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St. Michael's College Courses
Lindsey Eckert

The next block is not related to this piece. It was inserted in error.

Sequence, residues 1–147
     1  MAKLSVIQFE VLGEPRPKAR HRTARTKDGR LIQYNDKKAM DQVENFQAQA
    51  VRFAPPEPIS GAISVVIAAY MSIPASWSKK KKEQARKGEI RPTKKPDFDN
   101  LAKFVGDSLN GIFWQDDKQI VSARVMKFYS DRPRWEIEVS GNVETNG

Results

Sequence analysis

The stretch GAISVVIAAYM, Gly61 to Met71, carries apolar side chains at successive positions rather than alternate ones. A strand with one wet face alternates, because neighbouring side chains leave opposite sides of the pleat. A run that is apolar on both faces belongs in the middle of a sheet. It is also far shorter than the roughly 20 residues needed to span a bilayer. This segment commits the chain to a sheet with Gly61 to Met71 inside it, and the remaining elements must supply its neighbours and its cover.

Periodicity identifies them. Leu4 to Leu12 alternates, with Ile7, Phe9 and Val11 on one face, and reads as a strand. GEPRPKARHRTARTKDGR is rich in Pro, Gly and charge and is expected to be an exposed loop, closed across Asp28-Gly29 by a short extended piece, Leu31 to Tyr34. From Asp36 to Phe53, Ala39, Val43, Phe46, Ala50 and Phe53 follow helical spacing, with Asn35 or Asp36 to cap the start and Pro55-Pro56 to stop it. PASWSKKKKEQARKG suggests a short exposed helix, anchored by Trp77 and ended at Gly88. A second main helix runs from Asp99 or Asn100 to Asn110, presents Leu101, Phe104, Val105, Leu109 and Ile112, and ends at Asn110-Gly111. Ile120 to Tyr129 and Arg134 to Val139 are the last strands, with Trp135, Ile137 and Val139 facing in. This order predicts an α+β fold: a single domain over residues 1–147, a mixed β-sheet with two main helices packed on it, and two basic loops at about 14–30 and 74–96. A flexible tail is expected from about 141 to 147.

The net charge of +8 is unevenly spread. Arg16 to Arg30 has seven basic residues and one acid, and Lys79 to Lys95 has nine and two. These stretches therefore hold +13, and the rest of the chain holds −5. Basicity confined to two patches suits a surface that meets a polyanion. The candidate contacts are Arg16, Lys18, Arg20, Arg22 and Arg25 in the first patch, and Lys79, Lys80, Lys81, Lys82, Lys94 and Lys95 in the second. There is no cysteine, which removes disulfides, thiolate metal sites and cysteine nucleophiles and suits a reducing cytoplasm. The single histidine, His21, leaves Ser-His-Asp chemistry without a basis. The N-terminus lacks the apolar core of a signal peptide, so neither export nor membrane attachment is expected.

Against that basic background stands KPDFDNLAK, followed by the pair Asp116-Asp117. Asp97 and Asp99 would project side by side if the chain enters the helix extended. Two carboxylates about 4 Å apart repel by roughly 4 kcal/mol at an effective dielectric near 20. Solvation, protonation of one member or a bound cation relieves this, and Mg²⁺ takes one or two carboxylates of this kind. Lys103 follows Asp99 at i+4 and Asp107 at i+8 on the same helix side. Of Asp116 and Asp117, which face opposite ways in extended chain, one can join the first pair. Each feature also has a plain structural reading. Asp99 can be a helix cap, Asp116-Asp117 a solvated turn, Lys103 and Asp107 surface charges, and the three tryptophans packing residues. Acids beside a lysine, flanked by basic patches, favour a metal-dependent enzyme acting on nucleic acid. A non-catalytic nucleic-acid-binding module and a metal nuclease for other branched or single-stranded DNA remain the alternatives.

November 15, 2011 Textual Criticism and Textual Editing Office Hours: Lindsey: Wednesdays 9:30-11:30 AM, Alumni Hall 303 Catherine: this Thursday 2-4 pm, Thomas Fisher Rare Book Library Catherine: this Thursday 5-7 pm, Thomas Fisher Rare Book Library - Endpapers - associated with binding, not text itself - Not part of collation statement --> describe in binding description - Book starts with title page! (Don’t count the paper at the beginning or end) - Endpapers -- often scrap paper that’s been re-used - Some books may have been bound together (i.e. someone bound a couple of his favorite books) Textual Editing - Digital editing has really grown and messed up traditional methods of editing and publishing Editions of Texts - In our contemporary historical moment, the availability of texts is unprecedented - Project Gutenberg, e-books of texts that are no longer in copyright, Google Books, print on demand books (on Amazon, if you want a rare/hard-to-find book, you can get someone to print it for you cheaply) - Quantity and access of not necessarily mean quality: pros and cons for buying an edited edition or a free one online - Without bibliography, textual editing cannot happen - scholars need to know they’re talking about the same text, that other people have access to the same edition - Without “quality” editions, literary criticism cannot happen effectively - What is a “quality” edition? - What does it mean you buy the Dover paperback vs. Penguin vs. Norton? - Intro, notes, etc. - Throughout the eighteenth and nineteenth centuries, much editing of literary work was based on aesthetic preferences - Editors sought to produce “good” texts: - E.g. Adding lines to Paradise Lost - Editing - has its own history; books as physical and textual objects evolved - Thomas Bowlder’s 4-volume The Family Shakespeare (1807) - “Many words and expressions occur which are of so indecent a nature as to render it highly desirable that stye should be erased” (vol. 1, page viii) - Cleaning up dirty bits in Shakespeare - British poet John Clare’s texts were heavily edited in his lifetime — sometimes with his approval and sometimes not - Peasant farmer, barely literate and self-taught; ignored grammar rules - His editors cleaned up his grammar so other people could understand - As he got more popular, he got mad at his editors for taking away parts of his poems - changing spelling and grammar, dirty poems - In a letter to his publisher in 1822: “grammer in learning is like Tyranny in government — confound the bitch and Ill never be her slave” - Usually his writing is unpunctuated = very hard to read - Should editors make poets like Clare a “slave” to grammar and normative spelling? Should we “rescue” him from his earlier editors? -Letters of John Clare. Ed. Mark Storey. Oxford: Clarendon, 1985 -Complete Poetry. Ed. Eric Robinson. OUP, 1984-2003 -Robinson’s idea: go back to the manuscript; leave everything unpunctuated -Some people say Robinson takes away from Clare’s poetry: it makes it unreadable, even though it’s the original -Are you going back to the author’s intentions? Who are you to say what Clare wanted? In his letters, he thanked the editor for cleaning up his work. Editions: Things to Consider -What qualifies as a “quality” edition or a useful edition depends on a number of factors: 1. Purpose 2. Audience 3. Other extant scholarly editions available 1. Purpose -Correct misunderstandings about text’s genesis -An edition of a text that has never been published -Text that accounts for all variants - tells you every change in every edition -Basic reading text with annotations 2. Audience -Who will use the edition? - The general public → simple - Students → looking for historical context for essays - Literary scholars → might want list of variants at the back -Textual historians 3. Other extant scholarly editions available -You don’t want to reinvent the wheel, unless it’s been done badly before -Is one type of edition available but not another type? -What else is out there? What do you need to complete edition? -Almost no text exists in one straightforward edition: almost any text anyone goes through to edit -- need lots of interpretation -Multiple manuscripts -Different editions published throughout an author’s life -Texts that exist in various (incomplete) states at the author’s death - which is “right”? -Texts that were heavily edited by an author’s publishers and editors - without or with the author’s consent -Variants invoiced into the text by compositors What is Textual Criticism? -“The study of the transmission of texts and the application of this to scholarly editing” (Williams and Abbott 167) ▯ ▯ ▯ ▯ ▯ Textual criticism = ▯ ▯ ▯ material bibliography + book history circuit (Communications Circuit - Robert Darnton) -Part hard-core bibliography + social considerations - Elements within: reception of the text - of book -Textual editing - general term with many subdivisions Textual Editing Documentary Editing Critical Editing Facsimile Variorum Genetic theory of the copy-text Geneaological Historical-CriticalEditing -2 separate branches: documentary editing + critical editing -There’s some overlap between two “camps” -Author’s intentions: critical editing -Hard-core bibliographers viewing books as artifacts: documentary editing Documentary editing Critical Editing -Reproduces a manuscript -Often produces a new or printed text as a text, which combines
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